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Messages - sisyphus99

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Hi Sisyphus99 - It also depends where you are applying. Top law schools look at writing quality, character, and thought processes - they're after soft factors because the students they are accepting already have the highest GPA and LSAT, so they can spend time building a class out of people who excel personally and professionally, and who can pen a good story. The personal statement matters in this sense: someone who is truly an excellent writer does have a shot at talking their way into a spot at a top school, as long as their numbers aren't too far from the mean. Good writing = good thinking, and can later translate to professorships, judicial clerkships, etc.

Because you allude to an undergrad GPA that may not be as stellar, I'm not sure what tier of law schools you are looking at. This is important, because some mid-tier schools specifically ask candidates to discuss "why law" in their personal statements, and they mean it. It's not enough to tell them a story, or be a good person. If they know that many of their graduates go on to handle DUIs and represent the wrong side of asbestos claims, they are hoping to see that you have a real sense of what your career might look like. Particularly in these economic times, where many lawyer can't find positions, they are quite literally looking for candidates who can say "My dad does X law, which I find interesting, and I've worked in his office and will be joining him." Or, "I want to be a public defender, and I really mean it." Or, "I plan to be a JAG." That way they don't end up in the NYT as a "bad actor" school who accepted 90% students who claimed in their application that they would go into public service but now have $200k of debt and no viable job options.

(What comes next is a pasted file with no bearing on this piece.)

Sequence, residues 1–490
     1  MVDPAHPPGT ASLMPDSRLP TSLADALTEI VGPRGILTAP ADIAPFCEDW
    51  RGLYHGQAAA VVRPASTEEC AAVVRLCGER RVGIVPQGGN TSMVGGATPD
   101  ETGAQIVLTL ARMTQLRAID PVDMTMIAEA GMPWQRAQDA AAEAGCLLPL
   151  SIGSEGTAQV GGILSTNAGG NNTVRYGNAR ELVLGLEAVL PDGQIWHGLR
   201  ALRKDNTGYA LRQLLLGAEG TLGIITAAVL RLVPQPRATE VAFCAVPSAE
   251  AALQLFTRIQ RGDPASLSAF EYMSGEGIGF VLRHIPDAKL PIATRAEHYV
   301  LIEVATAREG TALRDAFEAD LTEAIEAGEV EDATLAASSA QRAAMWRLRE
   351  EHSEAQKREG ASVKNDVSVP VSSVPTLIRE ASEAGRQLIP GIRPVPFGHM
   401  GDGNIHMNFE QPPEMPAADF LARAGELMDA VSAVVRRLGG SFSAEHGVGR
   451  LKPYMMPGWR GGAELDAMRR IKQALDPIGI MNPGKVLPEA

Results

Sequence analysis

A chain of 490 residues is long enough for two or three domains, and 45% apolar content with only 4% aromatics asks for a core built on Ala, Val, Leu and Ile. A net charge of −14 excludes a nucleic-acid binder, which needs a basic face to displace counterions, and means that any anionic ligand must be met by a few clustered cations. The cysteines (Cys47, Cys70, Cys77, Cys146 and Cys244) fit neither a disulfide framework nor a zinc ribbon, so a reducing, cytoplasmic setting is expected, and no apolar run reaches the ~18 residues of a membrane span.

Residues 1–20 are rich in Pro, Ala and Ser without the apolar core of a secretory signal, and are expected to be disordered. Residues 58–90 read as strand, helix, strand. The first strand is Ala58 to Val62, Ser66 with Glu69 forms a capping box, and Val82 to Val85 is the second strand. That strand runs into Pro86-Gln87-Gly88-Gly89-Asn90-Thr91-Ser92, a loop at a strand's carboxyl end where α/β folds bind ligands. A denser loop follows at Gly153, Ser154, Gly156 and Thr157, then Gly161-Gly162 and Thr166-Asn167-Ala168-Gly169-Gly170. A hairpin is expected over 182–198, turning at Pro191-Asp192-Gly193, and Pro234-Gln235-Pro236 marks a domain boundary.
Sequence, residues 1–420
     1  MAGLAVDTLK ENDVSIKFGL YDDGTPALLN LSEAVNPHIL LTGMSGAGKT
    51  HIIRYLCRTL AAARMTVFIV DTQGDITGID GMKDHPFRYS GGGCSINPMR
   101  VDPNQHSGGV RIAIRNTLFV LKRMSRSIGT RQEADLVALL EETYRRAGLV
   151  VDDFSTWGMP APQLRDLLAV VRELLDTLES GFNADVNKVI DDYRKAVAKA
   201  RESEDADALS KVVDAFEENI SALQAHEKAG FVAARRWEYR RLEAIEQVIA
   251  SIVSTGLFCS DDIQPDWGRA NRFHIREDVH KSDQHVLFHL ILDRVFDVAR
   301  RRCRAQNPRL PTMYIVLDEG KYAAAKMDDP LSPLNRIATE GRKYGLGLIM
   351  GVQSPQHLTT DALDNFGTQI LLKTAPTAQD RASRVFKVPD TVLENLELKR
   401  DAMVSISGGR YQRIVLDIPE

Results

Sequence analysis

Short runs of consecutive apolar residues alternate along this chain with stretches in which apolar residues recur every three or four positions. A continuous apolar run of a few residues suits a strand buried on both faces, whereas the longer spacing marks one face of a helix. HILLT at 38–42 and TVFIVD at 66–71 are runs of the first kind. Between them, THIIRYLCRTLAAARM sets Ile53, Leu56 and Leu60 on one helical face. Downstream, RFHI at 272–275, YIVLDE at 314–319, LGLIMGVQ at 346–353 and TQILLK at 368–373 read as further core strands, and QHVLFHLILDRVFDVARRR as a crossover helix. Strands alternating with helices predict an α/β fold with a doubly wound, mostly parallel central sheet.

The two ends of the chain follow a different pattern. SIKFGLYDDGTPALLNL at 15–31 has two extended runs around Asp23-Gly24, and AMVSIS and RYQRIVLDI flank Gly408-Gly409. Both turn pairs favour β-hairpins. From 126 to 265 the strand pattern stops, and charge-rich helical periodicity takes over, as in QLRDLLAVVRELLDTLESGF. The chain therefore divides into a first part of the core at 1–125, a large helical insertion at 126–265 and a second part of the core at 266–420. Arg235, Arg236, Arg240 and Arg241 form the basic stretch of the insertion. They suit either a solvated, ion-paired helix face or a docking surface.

If you are applying to a mix of schools, some which request a personal statement that is meant to encapsulate your character, and some which want more of a "statement of purpose" re: your future career plans, you're going to need at least two different essays to send out.

This essay partly fills the first requirement, as it is more of a character essay. You do cut away before the essay gets truly personal, however. It jumps from probable torture to 5 years later. It's remarkably unemotional for what must have been a traumatic experience.

Sometimes a topic is "too big" for the personal statement structure. It's just too much to unpack - too much of an emotional wallop for both the writer and reader. You're sometimes better off with a smaller story - helping a kid while you were in another country; bonding with a fellow soldier who was from an entirely different walk of life; flying some totally bonkers plane in formation for the first time. The personal statement is enough room for a quality photograph; there isn't enough room for the whole album.

Best, Dani

Thanks, Dani. That was great advice.

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Thank you for your feedback. I'll abbreviate the description of my experiences at SERE, instead describing how it made me a better person and I'll repost.

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